Mark Ravenhill, the English playwright best known for his play with the unprintable title (let's just call it "Shopping and Copulating"), isn't one for bromides and gooey sentiments. In "pool (no water)," now receiving its L.A. premiere at the Complex's Flight Theatre in a highly visceral Monkey Wrench Collective production, he exposes the darker side of the artistic underground. Suffice it to say, this isn't about the nobility of the creative calling.
The premise of this work, first performed in 2006, is attention-grabbing: A visual artist (serenely played by Jessica Lamprinos) who has hit the big time throws a party for her envious boho friends and has a horrific accident that the title vaguely prepares us for. While she struggles to recover in the hospital, these supposed chums look for ways to turn her tragedy into their next art project. They're hoping, under the guise of mining their experience, to capitalize on her mishap and perhaps turn the tables on her success.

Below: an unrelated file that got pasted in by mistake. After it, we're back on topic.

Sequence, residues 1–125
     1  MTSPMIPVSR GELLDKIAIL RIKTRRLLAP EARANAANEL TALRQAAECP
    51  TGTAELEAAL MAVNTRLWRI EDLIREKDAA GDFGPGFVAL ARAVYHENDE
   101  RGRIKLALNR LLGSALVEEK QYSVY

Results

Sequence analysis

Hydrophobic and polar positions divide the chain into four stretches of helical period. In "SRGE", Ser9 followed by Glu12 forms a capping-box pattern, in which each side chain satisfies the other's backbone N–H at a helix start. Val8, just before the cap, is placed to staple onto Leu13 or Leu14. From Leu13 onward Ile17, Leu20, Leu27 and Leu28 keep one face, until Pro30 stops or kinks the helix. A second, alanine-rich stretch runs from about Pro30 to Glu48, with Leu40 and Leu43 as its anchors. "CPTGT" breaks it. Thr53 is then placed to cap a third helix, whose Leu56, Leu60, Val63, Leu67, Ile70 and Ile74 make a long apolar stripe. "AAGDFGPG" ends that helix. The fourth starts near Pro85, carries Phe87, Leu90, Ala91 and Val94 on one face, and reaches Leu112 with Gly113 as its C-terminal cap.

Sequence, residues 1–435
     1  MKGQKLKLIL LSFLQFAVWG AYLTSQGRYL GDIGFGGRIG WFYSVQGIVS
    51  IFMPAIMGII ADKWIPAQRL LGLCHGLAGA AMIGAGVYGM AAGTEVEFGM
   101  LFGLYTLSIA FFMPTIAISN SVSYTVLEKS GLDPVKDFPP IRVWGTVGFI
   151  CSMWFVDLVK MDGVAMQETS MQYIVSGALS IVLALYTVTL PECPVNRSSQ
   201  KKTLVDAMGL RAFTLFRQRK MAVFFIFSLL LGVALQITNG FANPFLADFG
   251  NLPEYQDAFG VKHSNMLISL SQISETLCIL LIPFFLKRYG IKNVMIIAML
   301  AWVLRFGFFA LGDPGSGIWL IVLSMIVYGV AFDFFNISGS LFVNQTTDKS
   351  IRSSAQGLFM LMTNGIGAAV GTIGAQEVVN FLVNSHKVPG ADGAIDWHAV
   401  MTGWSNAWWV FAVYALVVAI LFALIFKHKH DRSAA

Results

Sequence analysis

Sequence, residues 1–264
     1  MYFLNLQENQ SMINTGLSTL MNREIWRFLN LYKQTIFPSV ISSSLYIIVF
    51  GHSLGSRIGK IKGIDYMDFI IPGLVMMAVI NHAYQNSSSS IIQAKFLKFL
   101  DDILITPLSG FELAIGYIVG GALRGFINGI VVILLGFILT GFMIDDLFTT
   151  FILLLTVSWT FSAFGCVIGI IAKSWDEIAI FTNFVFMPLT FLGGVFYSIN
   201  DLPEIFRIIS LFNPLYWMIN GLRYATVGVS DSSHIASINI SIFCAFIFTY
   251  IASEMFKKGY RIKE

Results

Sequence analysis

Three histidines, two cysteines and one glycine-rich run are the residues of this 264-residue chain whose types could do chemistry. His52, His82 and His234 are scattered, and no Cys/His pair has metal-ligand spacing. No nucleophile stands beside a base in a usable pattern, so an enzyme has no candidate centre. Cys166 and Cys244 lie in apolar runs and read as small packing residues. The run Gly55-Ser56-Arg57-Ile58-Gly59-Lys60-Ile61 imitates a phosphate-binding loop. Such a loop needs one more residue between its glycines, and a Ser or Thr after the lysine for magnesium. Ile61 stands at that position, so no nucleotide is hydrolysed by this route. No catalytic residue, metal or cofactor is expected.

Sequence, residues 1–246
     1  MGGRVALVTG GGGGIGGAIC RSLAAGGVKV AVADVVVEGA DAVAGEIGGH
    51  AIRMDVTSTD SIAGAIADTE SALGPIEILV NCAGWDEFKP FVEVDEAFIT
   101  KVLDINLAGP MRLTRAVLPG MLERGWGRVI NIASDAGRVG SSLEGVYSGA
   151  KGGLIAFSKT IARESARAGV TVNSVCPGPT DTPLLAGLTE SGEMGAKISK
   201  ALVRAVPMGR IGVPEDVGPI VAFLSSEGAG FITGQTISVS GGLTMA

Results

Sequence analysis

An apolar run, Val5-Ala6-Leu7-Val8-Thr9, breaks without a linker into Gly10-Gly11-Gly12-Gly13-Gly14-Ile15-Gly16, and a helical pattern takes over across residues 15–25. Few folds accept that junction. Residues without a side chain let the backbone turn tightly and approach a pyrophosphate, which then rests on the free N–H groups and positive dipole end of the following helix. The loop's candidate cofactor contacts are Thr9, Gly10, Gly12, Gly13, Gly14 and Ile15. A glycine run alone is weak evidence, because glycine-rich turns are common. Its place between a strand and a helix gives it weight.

This isn't your typically talky British drama of ideas but a movement-theater piece that expresses its scalding insights even more physically than verbally. Directed by Monkey Wrench Collective artistic director Dave Barton and choreographed by Angela Ann Lopez and Lee Samuel Tanng, the production unleashes its fiercely committed 11-person cast on David Scaglione's flexible, largely abstract set that's discreetly enlivened by Eric A. Wahl's video design.